The history of China is a history of warfare. Wars have caused dynasties to collapse, fractured the thin façade of national unity, and brought decades of alien occupation. But throughout Chinese history, its warfare has been guided by principles different from those that governed Europe. Chinese strategists followed the concept, first articulated by Sun-tzu in The Art of War, of qi (ch'i), or unorthodox, warfare. The concept of qi involves creating tactical imbalances in order to achieve victory against even vastly superior forces. Ralph D. Sawyer, translator of The Art of War and one of America's preeminent experts on Chinese military tactics, here offers a comprehensive guide to the ancient practice of unorthodox warfare. He describes, among many other tactics, how Chinese generals have used false rumors to exploit opposing generals' distrust of their subordinates; dressed thousands of women as soldiers to create the illusion of an elite attack force; and sent word of a false surrender to lure enemy troops away from a vital escape route. The Tao of Deception is the book that military tacticians and military historians will turn to as the definitive guide to a new, yet ancient, way of thinking about strategy.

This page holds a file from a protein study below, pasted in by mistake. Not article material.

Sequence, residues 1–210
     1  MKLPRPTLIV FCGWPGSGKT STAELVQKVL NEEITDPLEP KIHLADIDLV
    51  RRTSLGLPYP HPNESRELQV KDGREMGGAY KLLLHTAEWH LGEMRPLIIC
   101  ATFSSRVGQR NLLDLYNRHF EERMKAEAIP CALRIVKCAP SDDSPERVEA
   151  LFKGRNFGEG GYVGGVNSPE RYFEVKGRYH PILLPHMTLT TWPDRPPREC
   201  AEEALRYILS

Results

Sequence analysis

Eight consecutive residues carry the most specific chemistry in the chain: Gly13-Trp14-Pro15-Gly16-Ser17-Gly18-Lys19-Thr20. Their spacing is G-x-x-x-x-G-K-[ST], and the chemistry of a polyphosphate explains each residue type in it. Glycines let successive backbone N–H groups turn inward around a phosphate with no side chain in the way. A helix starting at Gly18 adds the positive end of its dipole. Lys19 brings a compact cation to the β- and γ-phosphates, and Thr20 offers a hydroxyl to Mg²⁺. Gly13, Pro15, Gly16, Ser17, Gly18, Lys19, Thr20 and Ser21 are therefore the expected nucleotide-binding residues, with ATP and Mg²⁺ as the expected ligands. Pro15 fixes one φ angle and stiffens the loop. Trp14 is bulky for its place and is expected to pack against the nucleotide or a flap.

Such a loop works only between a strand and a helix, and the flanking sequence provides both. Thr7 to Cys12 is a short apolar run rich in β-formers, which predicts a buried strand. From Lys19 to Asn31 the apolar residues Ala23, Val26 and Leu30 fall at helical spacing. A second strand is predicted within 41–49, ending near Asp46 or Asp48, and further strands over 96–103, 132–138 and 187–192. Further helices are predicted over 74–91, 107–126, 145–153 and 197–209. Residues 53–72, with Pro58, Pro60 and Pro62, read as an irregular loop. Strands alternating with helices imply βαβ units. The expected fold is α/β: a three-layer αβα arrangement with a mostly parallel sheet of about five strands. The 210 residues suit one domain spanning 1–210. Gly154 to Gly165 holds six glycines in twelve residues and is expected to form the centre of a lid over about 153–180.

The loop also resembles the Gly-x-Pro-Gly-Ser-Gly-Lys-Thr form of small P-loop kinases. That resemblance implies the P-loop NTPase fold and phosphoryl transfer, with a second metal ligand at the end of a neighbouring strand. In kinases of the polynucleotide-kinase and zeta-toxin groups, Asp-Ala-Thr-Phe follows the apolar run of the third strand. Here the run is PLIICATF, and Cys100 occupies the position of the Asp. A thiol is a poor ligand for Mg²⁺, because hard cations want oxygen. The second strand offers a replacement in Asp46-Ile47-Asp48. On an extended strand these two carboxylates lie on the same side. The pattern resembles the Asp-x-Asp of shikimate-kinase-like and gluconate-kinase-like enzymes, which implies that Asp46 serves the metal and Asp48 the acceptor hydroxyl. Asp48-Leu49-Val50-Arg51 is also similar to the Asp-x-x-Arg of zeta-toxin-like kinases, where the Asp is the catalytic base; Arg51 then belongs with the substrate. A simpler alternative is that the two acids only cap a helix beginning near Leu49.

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About the Author
Ralph D. Sawyer, one of America's leading scholars in Chinese warfare, has worked extensively with major intelligence and defense agencies. After studying at MIT and Harvard and a brief stint of university teaching, Sawyer has spent the past thirty years lecturing and doing international consulting work focused on China.
Table of Contents
A Note on Pronunciation xiii
Dynastic Chronology xv
Historical Experience and Formulations
Incipient Beginnings 3
Spring and Autumn Precursors 17
Sun-tzu's Definitive Formulation 55
Warring States Commanders 69
Warring States Explications 83
Han Dynasty Realizations 97
Three Kingdoms 135
Northern and Southern Dynasties Exemplars 163
Sui and T'ang Conflicts 189
Theory in the Three Kingdoms and Early T'ang 213
Sung Dynasty Theoretical Developments 253
The Ming and Beyond 297
Modern Theories and Implications
Traditional Wisdom Revitalized 323
Modern Embodiments and Implications 375
Selected Bibliographies 451
Selected Index 477
Also by Ralph D. Sawyer 487
Most Helpful Customer Reviews
The Tao of Deception: Unorthodox Warfare in Historic and Modern China based on 0 ratings. 1 reviews.
The tactics are fascinating. Unfortunately, this book spends most of its time elaborating on the history of warfare scholarship, which is boring as hell.